Reported data breach incidents are on the rise, exposing intellectual property, trade secrets, customer data and financial information – often resulting in serious damage to the company’s brand and reputation, along with costly litigation and governmental investigations. The risk to corporate assets from hackers breaching network security is obviously serious. For example, a U.S. company suffered a security breach resulting in 38 terabytes of intellectual property and other sensitive data stolen from its computers. In another instance, the FBI reported in 2011 that a company lost 10 years’ worth of research and development data valued at $1 billion – virtually overnight. And of course in late 2013, Target experienced a massive data breach, resulting in more than 80 lawsuits, as well as multiple federal and state investigations by regulators, and the resignations of the CIO and the CEO.
Underscoring the significance of the risk posed by cyber criminals, the chair of the SEC, Mary Jo White, said during a cyber security roundtable in March that cyber threats are “of extraordinary and long-term seriousness. They are first on the [SEC’s]…list of global threats, even surpassing terrorism.”
Director and Officer Responsibilities and Risks
In the data protection and cyber security space, director and officer duties are extensive, and, while still evolving, they generally include the following:
– The duty to allocate adequate resources to ensure that a viable corporate cyber/information security system exists and is commercially reasonable;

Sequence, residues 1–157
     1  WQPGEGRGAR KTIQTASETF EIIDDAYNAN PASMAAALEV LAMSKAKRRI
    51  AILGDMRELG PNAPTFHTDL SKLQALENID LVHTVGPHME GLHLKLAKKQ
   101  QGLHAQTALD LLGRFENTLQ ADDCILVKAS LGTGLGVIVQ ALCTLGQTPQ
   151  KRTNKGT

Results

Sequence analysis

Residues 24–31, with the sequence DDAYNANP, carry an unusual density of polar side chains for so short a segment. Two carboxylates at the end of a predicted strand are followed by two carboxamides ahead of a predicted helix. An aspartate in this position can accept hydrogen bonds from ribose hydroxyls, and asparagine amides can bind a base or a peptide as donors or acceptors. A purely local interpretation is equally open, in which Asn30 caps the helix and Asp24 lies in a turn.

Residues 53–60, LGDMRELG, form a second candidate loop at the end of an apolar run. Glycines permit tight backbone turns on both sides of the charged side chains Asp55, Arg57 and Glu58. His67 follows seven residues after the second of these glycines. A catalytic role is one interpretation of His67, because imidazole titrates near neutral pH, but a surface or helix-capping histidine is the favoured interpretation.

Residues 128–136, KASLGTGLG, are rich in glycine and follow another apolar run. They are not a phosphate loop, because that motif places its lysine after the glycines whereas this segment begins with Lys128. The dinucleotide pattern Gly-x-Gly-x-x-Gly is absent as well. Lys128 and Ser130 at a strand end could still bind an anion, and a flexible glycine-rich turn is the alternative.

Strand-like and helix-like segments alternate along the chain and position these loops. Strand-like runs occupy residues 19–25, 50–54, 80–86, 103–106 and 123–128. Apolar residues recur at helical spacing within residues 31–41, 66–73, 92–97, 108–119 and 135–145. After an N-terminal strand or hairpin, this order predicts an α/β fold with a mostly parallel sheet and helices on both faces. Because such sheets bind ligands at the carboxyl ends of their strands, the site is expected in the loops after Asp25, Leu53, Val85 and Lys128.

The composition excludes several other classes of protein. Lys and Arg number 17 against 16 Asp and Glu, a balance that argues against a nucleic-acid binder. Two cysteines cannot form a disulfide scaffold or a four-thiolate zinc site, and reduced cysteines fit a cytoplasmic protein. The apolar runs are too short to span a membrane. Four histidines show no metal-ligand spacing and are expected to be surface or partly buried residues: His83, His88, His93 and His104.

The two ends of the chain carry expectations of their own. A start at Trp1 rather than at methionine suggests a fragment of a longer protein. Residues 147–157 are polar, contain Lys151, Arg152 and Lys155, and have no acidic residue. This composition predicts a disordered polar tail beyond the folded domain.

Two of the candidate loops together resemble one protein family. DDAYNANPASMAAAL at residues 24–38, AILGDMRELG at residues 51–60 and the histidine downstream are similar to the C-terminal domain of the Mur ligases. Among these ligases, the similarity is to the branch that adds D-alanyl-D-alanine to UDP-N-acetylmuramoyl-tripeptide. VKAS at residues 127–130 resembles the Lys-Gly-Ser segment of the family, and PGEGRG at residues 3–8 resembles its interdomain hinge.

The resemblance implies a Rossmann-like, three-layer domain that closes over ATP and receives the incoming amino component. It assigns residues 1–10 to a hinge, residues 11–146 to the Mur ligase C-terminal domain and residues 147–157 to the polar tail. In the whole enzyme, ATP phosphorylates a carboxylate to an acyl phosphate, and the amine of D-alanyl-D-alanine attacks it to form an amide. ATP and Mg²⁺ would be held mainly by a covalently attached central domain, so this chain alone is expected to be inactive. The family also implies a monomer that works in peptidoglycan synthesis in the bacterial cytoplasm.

– The duty to exercise due care, act as a prudent person and make informed business judgments about the security of information possessed by the corporation; and
– The duty to ensure a legally compliant response and remediation plan is in place in the event of a data breach.
When a company experiences a major data breach, the business, its officers and its directors should be prepared for litigation. For example, recent data breaches at both Target and Wyndham Worldwide Corporation were followed by shareholder lawsuits against directors and officers. The lawsuits include allegations that the leaders and board members failed to direct and implement sufficient cyber security protections against such data breach incidents.
Some Ways to Protect the Company and Limit D & O Exposure
– Regularly review and assess whether the company’s security procedures are reasonable, with sufficient resources, under the circumstances. Consider the following proactive steps as part of this review:
• Use the federal government’s recently-published “Framework for Improving Critical Infrastructure Cyber Security” as a basis for evaluating your company’s computer security plan, or for establishing one;
• Establish a qualified Cyber Security Committee of the Board of Directors;
• Designate and hire a qualified Chief Information Security Officer;
• Mandate regular reporting by the Cyber Security Committee and the Chief Information Security Officer to all directors and officers, ask questions, and stay informed so that you can make informed business judgments on these issues;
• Direct that an inventory and data mapping be conducted to identify where protectable data is located within the company, in order to assure that commercially reasonable security measures have been taken to protect it. Consult the FTC web site for computer system security tips (http://business.ftc.gov/documents/bus58-security-check-reducing-risks-your-computer-systems);
• Require an immediate assessment of your vendors’ security practices and address data security requirements in your contract with them;
– Direct the creation of an appropriate data breach response team.
– Evaluate existing insurance coverage and/or the need to supplement it (i.e., with D&O insurance or CyberRisk insurance).
– Ensure that your company complies with insurance provisions which require notice to the insurer as a critical prerequisite to funding your defense in litigation or paying any resulting judgment.
– Understand your right to have the company defend and/or indemnify you by reviewing applicable corporate documents, such as the Articles of Incorporation and By-Laws, and understanding applicable exceptions to those rights.